Rotaries are a dying breed and there are not many people knowledgable in their tuning. I didn’t want to take chances and let someone inexperienced with rotaries handle such a crucial task. So I decided to get Steve Kan to do it. Although he is quite a popular and well-known rotary tuner, the catch is he lives in Texas.

In order to make this work, I had to set up a group tuning session of at least 5 people and he would fly out. Back in December around Christmas time, I made this thread on RX7Club to start gathering others for the tune. To put things into perspective, I had only just taken off the stock turbos around this time. How’s that for project management?

Obviously the actual prospective tune date was set for around late February, but nonetheless all of this needed to be done in advance. Right from the onset, I knew I didn’t want to sit around for months to years for this car to come together. In order to achieve my lofty ambitions and goals, I needed a lot of determination, copious amounts of hard work, and a bit of luck.

Eventually the tuning session filled up and we had enough people for a 2-day event. I collected the deposits and sent them over to Steve; the date was set for March 2nd-3rd. It was time to get busy.

It came quite close because I chose to redo the fuel lines and radiator fan’s mounting at the last minute. I literally finished up the fuel lines last Friday, a day before the tunes started. I was originally set to go in on Saturday, March 1st – but I moved myself to March 2nd so I could actually get the car started.

On that same Friday night, I primed the turbos and the scene was set for start-up the next morning. Come Saturday, I placed faith in my work and quality of the parts I chose… and turned the key. It fired up on the second try and was uneventful. I then set the FPR’s idle pressure to 40 psi and spent the rest of the day double checking things. Later that night, I put the stock wheels on and dropped the car back onto the ground for the first time in over 3 months. Just like that, the car was ready for its dyno tune the very next day.


My hood was still at the painter’s and I didn’t want to drive the car without a proper tune, so I coordinated with a flatbed to pick me up on Sunday morning, and then drop me back off once the tuning was over.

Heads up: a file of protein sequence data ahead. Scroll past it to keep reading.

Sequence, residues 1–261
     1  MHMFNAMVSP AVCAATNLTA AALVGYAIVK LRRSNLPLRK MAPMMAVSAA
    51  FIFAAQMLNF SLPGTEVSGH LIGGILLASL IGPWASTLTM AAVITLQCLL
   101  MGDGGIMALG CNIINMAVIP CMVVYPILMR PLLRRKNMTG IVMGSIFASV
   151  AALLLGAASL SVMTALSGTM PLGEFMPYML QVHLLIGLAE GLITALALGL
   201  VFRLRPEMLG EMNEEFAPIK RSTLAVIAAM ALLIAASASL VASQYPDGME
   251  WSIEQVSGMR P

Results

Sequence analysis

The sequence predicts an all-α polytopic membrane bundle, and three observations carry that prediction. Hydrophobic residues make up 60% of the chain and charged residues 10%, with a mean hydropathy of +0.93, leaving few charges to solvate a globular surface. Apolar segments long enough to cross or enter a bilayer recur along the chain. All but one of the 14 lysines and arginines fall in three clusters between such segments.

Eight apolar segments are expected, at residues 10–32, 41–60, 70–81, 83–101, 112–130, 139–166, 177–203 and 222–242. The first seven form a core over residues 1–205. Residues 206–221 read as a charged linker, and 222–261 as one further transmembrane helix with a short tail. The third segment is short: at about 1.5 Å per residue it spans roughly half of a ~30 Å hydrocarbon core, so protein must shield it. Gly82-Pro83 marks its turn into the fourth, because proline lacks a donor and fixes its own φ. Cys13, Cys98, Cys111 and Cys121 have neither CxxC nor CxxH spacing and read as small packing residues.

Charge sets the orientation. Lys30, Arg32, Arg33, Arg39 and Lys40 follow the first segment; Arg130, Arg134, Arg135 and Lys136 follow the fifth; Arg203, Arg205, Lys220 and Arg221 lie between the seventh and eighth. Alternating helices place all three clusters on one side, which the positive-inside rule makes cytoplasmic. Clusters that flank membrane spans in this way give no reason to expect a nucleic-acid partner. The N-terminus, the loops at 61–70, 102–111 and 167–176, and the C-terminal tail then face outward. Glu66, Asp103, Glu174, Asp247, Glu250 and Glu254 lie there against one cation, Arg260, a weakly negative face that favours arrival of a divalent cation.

Steve was using Tech3 Performance’s DynoJet in San Jose.


A couple hours later, the car was tuned and ready to go! Check out the video below.

My car was easily the loudest one there that day, thanks to the twin wastegate dumps.

And here is my dyno graph. The car made around 310 rwhp @ 6500 RPM @ 12 psi. There was pressure drop in the high RPMS and that is reflected in the graph by the downward curve. The boost actually tapered off 1.5 psi – 2 psi, so I was essentially boosting around 10 psi after 6500 RPM.


I consulted with many experts on the subject afterwards. The pressure drop is actually inherent of running off of the wastegate springs. I routed my wastegates’ vacuum lines to the compressor housing and intercooler piping; this area gives the FASTEST response and thus opens the wastegates sooner. I’m basically experiencing reverse creep. One option is to route the vacuum lines post-intercooler to inhibit a delay in the response, and gain back the pressure drop. Another is to install a boost controller. This is also where a street port can also come into play, because then the power would continue to climb for longer.

I’m going to do neither because I’m happy with the setup as is, and I like the reduced complexity and mechanical simplicity of running only wastegate springs. Many racers configure their turbo systems in the same manner to purposely achieve pressure drop at high RPMs, because in a race or track setting, lower boost at higher RPMs equals better reliability. Peak horsepower is only a number. Sure, I would have liked 350 rwhp, but that’s just getting greedy. The 5866 is still a relatively small turbo, don’t be fooled by its large frame size, so low to mid 300’s is within range @ 12 psi.

At the end of the day, I was tired from all the anxiety but mostly felt relief. I didn’t even feel that much excitement, to be honest. I mean, when you’re done with a build of such magnitude, you have to set your expectations high, it would be counter intuitive otherwise. Anything less than a fully working car would be failure.

Alas, over 3 months of work is funneled into one weekend. I admit, I am quite awed now at the fact that the car was started for the first time just a day before the tune. This just goes to show that the best way to accomplish a task is to have full confidence and commitment.

“If you want to take the island, then burn your boats. With absolute commitment come the insights that create real victory.” – Tony Robbins


6 thoughts on “Dyno Tune with Steve Kan

  1. Quite stock and low mileage still! I like having it stock besides that diffuser and downpipe… I never liked throwing in parts without having a good reason to do so. I like your rants! I agree with a lot of your justifications and ideals as to why/why you don’t do certain things. Maybe one day I’ll run into you in real life, we don’t live too far apart!

    1. For sure, say hello if we ever cross paths! I was talking to a couple other FD guys today and we’re thinking about doing a little BBQ soon, you should keep an eye out for that ;-)

  2. Awesome, glad it worked out. Sorry if I was a factor as to why you settled with Steve Kan instead. But what’s done is done and it definitely came out pretty well. Good call on that “reverse boost creep” too.

    1. Thanks Kent, I was actually just doing research on future tunes down in SoCal. A tune is like a maintenance item, gotta keep it updated ;-)

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